Philosopher Alan Watts said it best about the dualistic mind: "Looking out into the universe at night, we make no comparisons between right and wrong stars, nor between well and badly arranged constellations."

Be Reflective, Not Reactive

As we discussed, rising above our dualistic mind means learning to identify our cognitive positions as rational or irrational, as balanced or imbalanced. In time, we acquire the healthy coping skill of being more reflective than reactive -- we learn to access our Goldilocks Zone. If we are reflective during life's difficult times, and we can use this new way of thinking, we are less apt to react negatively, and we decrease the probability of wandering off into extreme thinking, which can cause more distress.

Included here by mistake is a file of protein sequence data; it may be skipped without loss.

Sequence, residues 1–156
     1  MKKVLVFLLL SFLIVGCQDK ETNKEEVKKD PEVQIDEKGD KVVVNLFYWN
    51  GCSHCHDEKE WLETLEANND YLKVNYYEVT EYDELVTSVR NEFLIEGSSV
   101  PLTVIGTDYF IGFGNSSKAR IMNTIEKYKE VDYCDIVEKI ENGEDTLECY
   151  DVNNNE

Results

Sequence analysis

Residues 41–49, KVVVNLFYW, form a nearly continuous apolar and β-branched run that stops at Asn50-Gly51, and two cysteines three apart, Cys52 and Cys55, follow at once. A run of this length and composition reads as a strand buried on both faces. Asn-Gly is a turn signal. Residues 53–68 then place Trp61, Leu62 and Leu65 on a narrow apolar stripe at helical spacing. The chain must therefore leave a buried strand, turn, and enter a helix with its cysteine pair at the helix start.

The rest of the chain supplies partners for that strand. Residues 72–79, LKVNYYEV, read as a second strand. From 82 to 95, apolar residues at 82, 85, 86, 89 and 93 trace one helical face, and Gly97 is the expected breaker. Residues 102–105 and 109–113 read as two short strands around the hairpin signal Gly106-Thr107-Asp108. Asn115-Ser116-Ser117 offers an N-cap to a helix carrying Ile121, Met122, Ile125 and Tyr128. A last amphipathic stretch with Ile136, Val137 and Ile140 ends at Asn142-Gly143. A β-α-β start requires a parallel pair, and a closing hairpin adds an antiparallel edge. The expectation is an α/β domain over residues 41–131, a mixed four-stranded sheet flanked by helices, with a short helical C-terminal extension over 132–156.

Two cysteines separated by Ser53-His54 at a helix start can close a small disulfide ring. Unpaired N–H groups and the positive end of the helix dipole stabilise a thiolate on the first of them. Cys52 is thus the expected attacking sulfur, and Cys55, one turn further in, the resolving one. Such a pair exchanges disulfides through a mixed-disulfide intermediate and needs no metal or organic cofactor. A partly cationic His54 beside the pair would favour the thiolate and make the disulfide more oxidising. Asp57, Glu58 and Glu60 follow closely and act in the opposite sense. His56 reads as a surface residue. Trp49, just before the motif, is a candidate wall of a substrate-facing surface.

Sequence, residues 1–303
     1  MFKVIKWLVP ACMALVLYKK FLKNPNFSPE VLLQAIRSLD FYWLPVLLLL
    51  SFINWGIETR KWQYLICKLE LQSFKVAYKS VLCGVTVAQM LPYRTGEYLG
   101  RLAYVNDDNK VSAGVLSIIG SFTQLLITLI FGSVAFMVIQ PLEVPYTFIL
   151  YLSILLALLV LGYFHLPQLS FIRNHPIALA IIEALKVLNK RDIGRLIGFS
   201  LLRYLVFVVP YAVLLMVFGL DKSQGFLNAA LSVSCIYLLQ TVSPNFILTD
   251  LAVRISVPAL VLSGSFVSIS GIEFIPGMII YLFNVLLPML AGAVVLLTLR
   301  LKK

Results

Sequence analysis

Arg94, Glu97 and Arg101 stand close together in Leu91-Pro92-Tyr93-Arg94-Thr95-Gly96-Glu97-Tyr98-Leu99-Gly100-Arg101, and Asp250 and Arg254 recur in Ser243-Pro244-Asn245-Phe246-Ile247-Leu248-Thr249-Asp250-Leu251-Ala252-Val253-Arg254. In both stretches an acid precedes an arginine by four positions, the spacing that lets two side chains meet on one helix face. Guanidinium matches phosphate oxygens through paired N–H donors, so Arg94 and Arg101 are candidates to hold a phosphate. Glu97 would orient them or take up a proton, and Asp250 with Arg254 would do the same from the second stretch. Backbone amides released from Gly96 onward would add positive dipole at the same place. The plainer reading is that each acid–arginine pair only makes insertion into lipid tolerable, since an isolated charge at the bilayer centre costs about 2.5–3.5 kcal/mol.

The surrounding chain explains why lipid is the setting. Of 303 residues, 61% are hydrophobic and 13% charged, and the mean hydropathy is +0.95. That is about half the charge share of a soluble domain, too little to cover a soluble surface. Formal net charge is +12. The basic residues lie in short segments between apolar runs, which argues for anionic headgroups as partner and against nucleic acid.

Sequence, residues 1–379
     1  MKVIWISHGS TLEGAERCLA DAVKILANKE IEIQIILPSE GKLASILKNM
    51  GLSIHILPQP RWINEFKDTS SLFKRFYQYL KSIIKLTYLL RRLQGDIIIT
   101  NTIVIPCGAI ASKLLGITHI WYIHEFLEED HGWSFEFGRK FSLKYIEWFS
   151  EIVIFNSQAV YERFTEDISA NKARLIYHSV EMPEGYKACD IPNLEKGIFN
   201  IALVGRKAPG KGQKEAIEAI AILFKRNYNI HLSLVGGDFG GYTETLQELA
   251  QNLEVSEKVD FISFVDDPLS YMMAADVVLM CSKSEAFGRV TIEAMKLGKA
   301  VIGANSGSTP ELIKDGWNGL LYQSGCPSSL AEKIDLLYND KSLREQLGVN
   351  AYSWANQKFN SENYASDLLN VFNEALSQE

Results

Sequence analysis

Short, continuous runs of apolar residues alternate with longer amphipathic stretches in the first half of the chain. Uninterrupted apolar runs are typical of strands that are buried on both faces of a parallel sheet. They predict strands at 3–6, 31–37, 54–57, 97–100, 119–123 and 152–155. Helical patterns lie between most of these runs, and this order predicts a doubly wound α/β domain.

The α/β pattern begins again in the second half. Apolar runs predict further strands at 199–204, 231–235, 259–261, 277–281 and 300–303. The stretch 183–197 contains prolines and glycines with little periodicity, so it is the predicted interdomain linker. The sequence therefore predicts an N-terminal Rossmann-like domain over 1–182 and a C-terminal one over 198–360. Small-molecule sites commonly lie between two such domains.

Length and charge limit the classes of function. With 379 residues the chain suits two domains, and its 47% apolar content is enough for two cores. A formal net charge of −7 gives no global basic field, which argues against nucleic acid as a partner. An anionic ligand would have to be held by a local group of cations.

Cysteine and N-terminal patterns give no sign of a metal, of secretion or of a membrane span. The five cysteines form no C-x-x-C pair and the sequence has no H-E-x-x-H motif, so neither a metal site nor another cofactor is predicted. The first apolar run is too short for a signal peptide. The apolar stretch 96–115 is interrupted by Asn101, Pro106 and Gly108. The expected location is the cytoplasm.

For many, being reflective instead of reactive in these situations will feel like a leap of faith at first. But it means learning how to nurture the flexibility of our ego, that maybe we don't have the answers to everything, and that life is not so black and white. There is nothing wrong with occasionally dwelling in the inquiry of the unknown instead of the restrictive bounds of the concrete.

Let's look closer: If we do believe that our destiny is in a sense pre-ordained, and there isn't any more room for search and discovery, we will react negatively when things do change (and they always do) because our tightly bolted view of life is threatened. We will become reactive because the right or wrong, the good or bad that defines our lives and the lives of others is compromised. At this moment, we cannot be reflective and cannot find our Goldilocks Zone, because we are unaware that it exists. We will feel lost, as if we have dropped our compass in a vast and hostile jungle with no sense of direction.